Review: “Seed of Chucky”

In the post-“Scream” environment of the late 90’s, self-referential sarcastic horror was all the rage for a few years until the likes of “The Ring” and “The Grudge” mutated it into churning out the more serious PG-13 spooky thrillers that are hot today. Back in the hey day though, the success of “Scream” had horror movie makers seeing money floating in front of their eyes and as a result, many of the old 80’s slasher franchises were dusted off and given a rejuvenation to try and cash in on the craze. The result saw two sequels in particular emerge that ended up being quite good – “Halloween: H20” and “Bride of Chucky”.

‘Bride’, a more comedic and glossy looking fourth entry of the lackluster “Child’s Play” series, proved that and old dog can learn new tricks. Whilst it was far from being a great movie, it was a darkly funny near spoof of the earlier films in the series and an effectively entertaining B-movie. Now, after a rights dispute that lasted years, along comes “Seed of Chucky” which sadly wasn’t worth the wait. ‘Seed’ to ‘Bride’ is the same as “Halloween: Resurrection” was to “Halloween: H20” – it directly follows the tone and events of the last film, but aside from a few inspired moments, it is just as bad as all the other pre-reinvention sequels that came before.

Lacking any real suspense or horror, “Seed” is essentially a high camp comedy with gore thrown in every now and then to satiate the masses. For every clever Hollywood in-joke or twisted moment of black humour there’s groan-inducingly bad broad slapstick or dialogue which sounds like a poor man’s version of “The Player”. The story is weak, the general concept stretched far too thin and the direction often quite off in terms of timing and pace. At one moment its trying to be something quite sinister, the next it seems to be trying to spoof “Mommie Dearest” and doing a bad job at it.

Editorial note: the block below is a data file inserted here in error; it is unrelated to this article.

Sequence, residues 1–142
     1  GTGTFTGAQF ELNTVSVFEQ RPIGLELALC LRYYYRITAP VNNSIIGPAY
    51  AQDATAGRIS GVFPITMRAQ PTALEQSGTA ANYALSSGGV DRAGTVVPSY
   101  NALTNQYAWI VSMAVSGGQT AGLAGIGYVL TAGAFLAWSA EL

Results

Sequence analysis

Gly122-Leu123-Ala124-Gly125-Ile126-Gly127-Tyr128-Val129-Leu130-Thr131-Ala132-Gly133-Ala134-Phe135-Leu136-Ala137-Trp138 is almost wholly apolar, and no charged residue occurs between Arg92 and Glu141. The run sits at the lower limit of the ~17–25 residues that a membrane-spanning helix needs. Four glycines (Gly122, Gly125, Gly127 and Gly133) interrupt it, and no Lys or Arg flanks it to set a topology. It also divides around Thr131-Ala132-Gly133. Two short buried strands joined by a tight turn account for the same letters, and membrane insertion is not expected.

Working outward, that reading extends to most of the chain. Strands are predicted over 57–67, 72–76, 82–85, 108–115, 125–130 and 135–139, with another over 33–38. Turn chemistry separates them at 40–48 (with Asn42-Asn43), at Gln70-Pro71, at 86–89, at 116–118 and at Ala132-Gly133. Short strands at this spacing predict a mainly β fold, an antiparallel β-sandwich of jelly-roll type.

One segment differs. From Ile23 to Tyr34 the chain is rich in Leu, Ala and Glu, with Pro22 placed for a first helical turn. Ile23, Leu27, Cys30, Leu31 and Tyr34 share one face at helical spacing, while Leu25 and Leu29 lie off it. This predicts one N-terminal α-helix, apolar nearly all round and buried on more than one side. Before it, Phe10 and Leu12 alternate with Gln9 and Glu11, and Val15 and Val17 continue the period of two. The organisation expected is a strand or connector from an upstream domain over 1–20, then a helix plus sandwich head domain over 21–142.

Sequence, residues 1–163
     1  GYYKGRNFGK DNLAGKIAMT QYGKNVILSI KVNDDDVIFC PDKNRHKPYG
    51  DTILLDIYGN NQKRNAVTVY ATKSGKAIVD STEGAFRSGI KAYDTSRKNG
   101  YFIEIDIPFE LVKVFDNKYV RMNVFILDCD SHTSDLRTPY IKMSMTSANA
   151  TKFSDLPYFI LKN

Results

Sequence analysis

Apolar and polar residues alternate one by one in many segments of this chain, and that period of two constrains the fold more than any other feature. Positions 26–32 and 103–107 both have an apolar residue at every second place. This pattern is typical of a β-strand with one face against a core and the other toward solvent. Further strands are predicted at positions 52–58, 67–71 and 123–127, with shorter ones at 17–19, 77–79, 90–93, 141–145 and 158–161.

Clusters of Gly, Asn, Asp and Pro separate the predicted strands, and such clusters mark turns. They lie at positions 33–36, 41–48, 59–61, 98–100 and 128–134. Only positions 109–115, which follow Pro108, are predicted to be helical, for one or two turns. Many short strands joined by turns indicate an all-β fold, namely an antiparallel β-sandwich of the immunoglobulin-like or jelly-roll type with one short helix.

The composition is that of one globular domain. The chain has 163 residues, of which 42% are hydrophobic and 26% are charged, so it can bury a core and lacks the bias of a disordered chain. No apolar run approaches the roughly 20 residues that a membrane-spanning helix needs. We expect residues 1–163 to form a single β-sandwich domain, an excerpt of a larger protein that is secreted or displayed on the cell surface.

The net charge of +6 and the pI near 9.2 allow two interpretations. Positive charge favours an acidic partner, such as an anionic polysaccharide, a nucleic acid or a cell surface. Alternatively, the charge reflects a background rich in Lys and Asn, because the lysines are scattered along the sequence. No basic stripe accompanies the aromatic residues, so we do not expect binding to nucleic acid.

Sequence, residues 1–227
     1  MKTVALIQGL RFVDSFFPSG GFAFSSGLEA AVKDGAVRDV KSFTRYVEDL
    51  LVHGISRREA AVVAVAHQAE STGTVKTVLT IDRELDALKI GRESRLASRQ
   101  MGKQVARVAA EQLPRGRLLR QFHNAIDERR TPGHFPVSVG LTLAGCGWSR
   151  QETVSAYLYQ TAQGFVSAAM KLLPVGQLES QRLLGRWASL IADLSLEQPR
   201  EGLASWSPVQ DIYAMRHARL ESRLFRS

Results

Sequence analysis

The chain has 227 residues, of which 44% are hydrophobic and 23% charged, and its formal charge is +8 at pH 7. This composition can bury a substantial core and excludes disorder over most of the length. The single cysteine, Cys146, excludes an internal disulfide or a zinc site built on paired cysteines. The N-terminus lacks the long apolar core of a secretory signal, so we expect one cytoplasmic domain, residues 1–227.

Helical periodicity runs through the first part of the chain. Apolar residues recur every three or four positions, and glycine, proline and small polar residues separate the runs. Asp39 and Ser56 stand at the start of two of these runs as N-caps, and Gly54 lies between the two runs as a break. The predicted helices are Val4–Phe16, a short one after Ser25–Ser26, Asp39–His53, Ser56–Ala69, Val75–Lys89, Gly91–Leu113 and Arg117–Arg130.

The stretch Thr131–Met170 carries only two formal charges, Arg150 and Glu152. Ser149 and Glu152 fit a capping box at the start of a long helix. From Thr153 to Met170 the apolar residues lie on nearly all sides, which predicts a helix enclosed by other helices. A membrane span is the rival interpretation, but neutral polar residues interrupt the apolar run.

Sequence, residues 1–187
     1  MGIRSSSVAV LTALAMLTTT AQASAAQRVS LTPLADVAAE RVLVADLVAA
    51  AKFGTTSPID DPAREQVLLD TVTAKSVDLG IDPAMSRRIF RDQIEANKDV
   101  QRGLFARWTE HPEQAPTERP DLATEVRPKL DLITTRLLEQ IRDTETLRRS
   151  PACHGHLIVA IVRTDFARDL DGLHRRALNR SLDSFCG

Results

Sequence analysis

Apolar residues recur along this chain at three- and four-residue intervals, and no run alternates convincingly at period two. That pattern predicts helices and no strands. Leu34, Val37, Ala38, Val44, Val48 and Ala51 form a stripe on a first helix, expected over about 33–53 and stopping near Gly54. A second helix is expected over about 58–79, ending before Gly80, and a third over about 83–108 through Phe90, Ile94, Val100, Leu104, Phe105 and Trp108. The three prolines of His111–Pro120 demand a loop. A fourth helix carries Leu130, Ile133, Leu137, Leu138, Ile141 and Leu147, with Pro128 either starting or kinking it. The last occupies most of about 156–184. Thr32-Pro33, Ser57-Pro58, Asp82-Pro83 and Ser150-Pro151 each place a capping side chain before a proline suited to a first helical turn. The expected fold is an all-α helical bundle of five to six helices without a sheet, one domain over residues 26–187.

Jokes about puppet masturbation and parenting fall flat, though a running gag about the gender confusion of the new kid (a direct reference to Ed Wood’s infamous “Glen or Glenda”) yields a few laughs. Tilly isn’t afraid to make fun of herself and does so with gusto, earning her the appreciation of many a genre fan and this reviewer. At times the comedy schtick she pulls feels forced or flat, but she perseveres through it all and gets a few laughs in. Surprisingly the Romanian-location shoot quite effectively doubles for Los Angeles. All in all though, its just a mess of a film on many levels.